Washington, D.C. – The National Academy of Sciences must move to end its one-sided work on genetically engineered crops and animals (often referred to as GMOs) given the “enormous potential to introduce bias,” according to a letter signed by 39 public-interest groups and academics.
Today’s letter to the Academy cites a lack of balance, perspective and independence among the committee of experts chosen to carry out a new taxpayer-funded study, which will advise the federal government on how to update regulations of GMOs—including new biotechnology products developed using synthetic biology.
The Academy’s findings will help shape how food is produced and regulated in the future, and the letter calls it “troubling” that at least six of the 13 invited committee members have financial conflicts of interests with the biotech industry—four of which are not publicly disclosed. Several other committee members have backgrounds advocating for biotechnology development.
By contrast, no strong advocates of the precautionary principle or critics of industry practices were invited to participate as committee members, though many were nominated. Likewise, no farmers or farmer groups were invited even though a focus of the Academy’s work is on agricultural biotechnology. “The current committee does not include the diversity of expert perspectives that exist in the mainstream scientific discourse, where there is great disagreement about how to regulate and deploy the products of biotechnology,” says the letter.
The complaint letter comes on the heels of a Food & Water Watch report showing structural conflicts of interests at every level of the National Academy’s agricultural research program. The Academy receives millions of dollars in donations from biotech companies and allows industry representatives to sit on high-level boards overseeing the organization’s operations.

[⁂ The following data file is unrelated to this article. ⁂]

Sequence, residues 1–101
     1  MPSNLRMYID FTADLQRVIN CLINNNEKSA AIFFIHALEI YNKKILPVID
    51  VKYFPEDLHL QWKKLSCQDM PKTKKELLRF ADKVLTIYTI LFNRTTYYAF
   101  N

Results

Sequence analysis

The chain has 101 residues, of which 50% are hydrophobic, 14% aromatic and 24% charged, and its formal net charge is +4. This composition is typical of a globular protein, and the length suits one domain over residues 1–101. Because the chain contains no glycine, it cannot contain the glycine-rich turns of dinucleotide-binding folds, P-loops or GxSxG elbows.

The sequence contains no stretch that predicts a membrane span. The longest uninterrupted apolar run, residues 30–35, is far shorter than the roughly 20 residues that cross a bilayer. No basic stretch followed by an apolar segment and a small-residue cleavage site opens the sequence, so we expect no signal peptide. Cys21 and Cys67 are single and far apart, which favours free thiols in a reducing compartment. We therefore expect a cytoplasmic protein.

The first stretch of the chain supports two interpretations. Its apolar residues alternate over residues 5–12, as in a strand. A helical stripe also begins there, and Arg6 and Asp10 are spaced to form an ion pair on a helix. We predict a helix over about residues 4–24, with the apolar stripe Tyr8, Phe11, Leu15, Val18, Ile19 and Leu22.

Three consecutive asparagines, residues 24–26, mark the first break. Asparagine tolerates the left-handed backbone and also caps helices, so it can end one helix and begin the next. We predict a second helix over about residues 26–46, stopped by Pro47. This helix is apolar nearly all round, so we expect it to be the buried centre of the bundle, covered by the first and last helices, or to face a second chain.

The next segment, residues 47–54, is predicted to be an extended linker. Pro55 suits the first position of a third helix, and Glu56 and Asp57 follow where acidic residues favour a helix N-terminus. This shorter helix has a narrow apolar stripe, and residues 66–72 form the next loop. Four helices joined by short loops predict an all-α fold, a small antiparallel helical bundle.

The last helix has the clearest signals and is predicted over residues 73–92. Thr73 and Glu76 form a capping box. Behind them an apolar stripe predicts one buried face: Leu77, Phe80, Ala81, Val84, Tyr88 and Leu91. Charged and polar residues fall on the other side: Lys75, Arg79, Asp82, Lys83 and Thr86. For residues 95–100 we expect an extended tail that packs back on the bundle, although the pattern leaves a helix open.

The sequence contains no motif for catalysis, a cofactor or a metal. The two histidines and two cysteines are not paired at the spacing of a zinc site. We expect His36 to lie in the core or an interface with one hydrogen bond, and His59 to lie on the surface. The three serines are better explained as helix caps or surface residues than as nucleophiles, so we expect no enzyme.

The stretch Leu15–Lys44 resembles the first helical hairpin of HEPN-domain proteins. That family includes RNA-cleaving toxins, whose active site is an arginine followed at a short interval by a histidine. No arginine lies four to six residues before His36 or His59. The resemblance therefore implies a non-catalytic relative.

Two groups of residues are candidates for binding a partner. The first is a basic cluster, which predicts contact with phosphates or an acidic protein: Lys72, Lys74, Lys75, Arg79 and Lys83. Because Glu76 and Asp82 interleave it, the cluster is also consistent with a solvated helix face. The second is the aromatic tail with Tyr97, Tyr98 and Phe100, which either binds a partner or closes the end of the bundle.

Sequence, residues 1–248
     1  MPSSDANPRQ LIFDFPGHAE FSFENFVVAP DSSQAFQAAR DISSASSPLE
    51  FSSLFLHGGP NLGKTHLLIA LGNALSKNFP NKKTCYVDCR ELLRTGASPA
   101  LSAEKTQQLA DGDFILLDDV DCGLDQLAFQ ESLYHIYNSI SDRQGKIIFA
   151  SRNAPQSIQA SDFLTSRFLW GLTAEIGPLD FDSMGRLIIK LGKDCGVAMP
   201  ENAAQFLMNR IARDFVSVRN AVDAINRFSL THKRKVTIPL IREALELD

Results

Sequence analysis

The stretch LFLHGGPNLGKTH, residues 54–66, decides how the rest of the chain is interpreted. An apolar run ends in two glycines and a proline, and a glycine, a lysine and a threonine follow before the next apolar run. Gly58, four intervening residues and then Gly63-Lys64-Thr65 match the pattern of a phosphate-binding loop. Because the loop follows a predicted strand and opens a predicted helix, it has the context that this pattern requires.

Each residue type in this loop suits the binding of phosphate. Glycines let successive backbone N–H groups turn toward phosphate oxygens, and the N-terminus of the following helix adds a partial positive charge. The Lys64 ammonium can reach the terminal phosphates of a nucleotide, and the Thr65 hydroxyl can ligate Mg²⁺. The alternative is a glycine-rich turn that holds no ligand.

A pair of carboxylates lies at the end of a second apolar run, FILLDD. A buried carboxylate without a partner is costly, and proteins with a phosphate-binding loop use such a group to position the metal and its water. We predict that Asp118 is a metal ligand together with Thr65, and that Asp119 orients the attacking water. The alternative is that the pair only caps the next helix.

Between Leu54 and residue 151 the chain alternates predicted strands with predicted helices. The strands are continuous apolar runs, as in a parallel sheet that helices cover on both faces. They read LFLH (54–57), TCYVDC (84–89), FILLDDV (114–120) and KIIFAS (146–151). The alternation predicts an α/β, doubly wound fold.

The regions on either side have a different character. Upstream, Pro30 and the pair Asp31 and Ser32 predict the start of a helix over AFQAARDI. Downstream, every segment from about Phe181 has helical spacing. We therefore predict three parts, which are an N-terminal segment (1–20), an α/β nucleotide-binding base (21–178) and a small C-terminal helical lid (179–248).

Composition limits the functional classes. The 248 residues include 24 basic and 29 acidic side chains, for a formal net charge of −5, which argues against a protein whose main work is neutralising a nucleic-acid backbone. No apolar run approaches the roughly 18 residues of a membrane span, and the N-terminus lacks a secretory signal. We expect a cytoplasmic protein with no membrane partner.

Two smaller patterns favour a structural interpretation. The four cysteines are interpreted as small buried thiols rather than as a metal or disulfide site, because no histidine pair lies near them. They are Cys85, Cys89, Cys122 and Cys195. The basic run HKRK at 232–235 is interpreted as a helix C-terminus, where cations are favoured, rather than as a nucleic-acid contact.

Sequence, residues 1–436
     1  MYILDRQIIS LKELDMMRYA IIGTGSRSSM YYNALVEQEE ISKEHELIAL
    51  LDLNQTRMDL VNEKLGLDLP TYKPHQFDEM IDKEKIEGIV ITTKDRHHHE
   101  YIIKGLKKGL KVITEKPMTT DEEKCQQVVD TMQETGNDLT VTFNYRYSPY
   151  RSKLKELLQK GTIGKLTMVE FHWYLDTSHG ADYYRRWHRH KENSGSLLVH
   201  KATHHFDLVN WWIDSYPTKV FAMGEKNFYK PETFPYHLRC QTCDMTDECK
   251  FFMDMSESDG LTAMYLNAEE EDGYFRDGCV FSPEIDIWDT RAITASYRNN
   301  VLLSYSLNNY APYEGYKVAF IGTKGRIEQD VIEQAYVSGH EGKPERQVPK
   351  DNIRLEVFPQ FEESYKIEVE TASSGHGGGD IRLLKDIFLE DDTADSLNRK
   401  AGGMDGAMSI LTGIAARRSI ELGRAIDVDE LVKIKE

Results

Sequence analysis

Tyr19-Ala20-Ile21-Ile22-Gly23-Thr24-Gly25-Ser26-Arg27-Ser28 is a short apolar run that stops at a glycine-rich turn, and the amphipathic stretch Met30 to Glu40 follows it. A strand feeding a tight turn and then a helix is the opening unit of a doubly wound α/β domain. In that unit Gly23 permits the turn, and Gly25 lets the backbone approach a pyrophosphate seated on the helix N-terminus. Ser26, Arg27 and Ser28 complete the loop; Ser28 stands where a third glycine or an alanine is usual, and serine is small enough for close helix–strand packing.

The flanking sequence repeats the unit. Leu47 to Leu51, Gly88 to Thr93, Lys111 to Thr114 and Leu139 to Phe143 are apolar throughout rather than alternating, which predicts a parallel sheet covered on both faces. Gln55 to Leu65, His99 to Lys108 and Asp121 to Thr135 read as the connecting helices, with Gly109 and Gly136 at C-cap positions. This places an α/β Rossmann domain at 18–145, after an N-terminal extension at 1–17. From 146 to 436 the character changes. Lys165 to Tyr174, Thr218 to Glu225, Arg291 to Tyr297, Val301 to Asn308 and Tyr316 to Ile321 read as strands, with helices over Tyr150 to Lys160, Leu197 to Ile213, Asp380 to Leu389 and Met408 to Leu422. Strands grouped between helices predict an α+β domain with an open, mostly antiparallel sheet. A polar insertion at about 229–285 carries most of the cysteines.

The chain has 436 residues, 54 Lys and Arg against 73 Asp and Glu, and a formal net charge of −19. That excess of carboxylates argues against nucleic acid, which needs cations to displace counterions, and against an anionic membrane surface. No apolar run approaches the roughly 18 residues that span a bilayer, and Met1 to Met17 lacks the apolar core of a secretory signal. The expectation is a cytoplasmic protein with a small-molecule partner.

For decades, scientists and public-interest groups have raised questions about conflicts of interest and potential bias in the Academy’s work on GMOs. “The NRC frequently trumpets its position as a premier scientific institution that provides policy makers and the public with objective, independent scientific advice,” says the letter. “Yet, since 2000, the NRC’s work on agricultural biotechnology has been dogged by conflict-of-interest concerns and allegations of bias, stemming in part from the one-sided committees NRC initiates.”
“We ask the NRC to review its requirements under FACA [the Federal Advisory Committee Act] and take immediate action to engage experts and scientists on the committee who can provide balance and perspective, including critics. We also ask the NRC to publicly disclose all financial conflicts of interests among committee members.”
Contact: Darcey Rakestraw, 202-683-2467; [email protected]